Tuesday, November 10, 2015

Rifts Flashback - Stat Sheets



In 1990-91 Rifts was only the main book + the Sourcebook + Vampire Kingdoms, at least for a time. We were having a lot of fun with it but even then I was trying to find a way to manage the numbers in combat and help players keep track of their vehicle stats. Now I didn't have a PC but I did have my aging Commodore 64 and an alternate operating system that had gotten popular a few years before - GEOS.


GEOS turned the C64 into a very Mac-like device (well, 1980's Mac) with WYSIWYG word processing and some paint type programs that were pretty cool for the time. Availability met opportunity and I started making reference sheets:


There's a lot of stuff to keep track of but I managed to fit it all on to one sheet. Ranges, sizes, damage capacities, weapon details - whew! This was for one of my player groups.


This one was mainly for me. Sheet protectors and overhead markers made them reusable.


Another one for one of my players occasionally used for opposition as well. I was clearly having fun with  different font styles and sizes.


The skelebot sheet got used a lot as I thought they made great opponents plus I had visions of the future war scenes in Terminator 2 which was a big deal at the time. Admittedly at 5 attacks per round they could get pretty nasty but I only had to have one mostly-dead party to figure that out. Not running a full squad of 8 made a big difference.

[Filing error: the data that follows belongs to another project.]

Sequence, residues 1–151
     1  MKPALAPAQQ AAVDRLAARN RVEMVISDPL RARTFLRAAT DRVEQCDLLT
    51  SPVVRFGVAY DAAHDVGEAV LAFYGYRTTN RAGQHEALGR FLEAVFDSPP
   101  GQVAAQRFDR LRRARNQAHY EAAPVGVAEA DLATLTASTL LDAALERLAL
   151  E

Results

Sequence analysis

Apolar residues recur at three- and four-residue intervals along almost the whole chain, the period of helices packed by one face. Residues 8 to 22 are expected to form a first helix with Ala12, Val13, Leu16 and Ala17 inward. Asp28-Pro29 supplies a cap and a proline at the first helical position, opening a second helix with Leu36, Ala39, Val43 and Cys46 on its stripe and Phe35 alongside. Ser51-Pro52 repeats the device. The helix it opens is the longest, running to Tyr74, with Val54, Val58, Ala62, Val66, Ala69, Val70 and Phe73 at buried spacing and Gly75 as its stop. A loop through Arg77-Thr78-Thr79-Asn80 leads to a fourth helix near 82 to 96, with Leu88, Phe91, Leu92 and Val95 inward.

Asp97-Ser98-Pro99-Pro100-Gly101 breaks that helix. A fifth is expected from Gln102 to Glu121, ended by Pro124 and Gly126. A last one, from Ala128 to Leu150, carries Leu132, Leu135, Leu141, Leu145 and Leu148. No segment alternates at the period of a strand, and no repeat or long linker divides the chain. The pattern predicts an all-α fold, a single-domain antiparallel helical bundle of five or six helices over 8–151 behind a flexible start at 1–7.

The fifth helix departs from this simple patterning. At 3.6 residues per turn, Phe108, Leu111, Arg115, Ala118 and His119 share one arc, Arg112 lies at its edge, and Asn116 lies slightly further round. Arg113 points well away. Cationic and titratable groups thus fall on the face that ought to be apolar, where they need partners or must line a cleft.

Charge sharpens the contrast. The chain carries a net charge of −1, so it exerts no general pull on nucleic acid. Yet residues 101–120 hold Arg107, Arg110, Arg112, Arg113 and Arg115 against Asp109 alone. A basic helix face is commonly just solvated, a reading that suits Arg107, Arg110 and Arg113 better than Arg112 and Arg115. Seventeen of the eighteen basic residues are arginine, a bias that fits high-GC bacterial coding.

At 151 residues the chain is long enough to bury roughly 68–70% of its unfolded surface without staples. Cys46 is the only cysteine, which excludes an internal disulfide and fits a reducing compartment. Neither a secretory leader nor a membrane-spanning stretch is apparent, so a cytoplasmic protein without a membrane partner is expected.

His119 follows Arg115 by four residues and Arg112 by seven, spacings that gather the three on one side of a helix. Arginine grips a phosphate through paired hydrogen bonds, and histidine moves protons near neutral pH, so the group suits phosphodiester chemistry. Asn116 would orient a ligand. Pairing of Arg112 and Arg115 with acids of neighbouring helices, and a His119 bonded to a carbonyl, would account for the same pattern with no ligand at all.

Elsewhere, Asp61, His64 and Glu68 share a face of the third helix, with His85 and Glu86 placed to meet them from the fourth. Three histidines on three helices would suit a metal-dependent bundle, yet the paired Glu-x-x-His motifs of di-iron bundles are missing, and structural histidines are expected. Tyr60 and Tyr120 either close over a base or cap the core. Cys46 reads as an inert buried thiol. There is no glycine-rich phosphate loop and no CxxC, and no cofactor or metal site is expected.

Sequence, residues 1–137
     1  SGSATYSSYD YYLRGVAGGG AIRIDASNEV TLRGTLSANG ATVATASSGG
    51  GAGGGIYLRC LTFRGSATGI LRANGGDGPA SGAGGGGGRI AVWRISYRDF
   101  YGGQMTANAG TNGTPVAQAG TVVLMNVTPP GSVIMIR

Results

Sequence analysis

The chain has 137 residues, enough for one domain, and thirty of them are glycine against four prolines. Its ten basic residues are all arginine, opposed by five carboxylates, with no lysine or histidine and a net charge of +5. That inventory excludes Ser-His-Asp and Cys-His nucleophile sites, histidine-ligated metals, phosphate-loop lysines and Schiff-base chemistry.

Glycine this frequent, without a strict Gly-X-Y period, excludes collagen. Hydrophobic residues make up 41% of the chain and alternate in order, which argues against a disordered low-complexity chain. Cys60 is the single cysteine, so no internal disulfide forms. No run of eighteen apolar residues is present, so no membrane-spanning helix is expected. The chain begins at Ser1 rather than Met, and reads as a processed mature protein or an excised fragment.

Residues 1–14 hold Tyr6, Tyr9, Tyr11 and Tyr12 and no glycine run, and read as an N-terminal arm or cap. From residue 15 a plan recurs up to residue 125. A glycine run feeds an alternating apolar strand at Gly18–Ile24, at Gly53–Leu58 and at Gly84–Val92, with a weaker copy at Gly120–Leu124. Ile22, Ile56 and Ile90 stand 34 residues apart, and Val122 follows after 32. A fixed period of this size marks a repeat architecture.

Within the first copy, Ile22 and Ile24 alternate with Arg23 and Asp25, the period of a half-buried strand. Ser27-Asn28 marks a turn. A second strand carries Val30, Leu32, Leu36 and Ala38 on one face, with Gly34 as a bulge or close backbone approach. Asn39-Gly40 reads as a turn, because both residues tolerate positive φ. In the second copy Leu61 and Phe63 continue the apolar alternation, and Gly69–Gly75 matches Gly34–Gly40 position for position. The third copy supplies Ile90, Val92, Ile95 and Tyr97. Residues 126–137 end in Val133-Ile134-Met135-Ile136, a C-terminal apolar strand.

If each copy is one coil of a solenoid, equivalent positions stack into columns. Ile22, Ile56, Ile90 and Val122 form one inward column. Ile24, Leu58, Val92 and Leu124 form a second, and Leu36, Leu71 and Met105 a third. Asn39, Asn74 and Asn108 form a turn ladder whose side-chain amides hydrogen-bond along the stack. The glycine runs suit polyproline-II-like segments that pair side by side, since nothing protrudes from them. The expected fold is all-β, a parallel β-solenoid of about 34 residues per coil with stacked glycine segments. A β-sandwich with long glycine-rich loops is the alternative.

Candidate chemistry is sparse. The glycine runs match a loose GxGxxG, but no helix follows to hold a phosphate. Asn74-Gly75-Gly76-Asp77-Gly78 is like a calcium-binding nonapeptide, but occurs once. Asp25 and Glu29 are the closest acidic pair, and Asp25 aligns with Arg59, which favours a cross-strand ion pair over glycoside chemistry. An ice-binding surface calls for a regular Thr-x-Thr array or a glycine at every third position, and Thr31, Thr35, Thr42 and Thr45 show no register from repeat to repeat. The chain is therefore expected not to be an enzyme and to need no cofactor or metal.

With the sheet protector approach these sheets were still clean and used through most of the 90's.Heck, they're still clean now! They're just printed on that really thin fan-fold paper we used to use back then so they've yellowed and faded a bit. I've cleaned them up just a little in the scans here, but not too much. The C64 itself was lost in a fire a few years later but the sheets live on!

Anyway, this is what cutting-edge game aids looked like about 1991!

2 comments:

Kelvin Green said...

Wow, I know of GEOS but I have never encountered someone who used it!

I remember a friend printing off a player's guide to his AD&D campaign on sheets of that two-tone dot matrix paper. It wasn't the easiest to read!

Blacksteel said...

GEOS was cool, especially after years of the cyan-on-blue regular C64 OS.

The whole process with printing back then was a pain - ribbons? Tearing your perforated paper oh-so-carefully? Yeah, we have it much better now.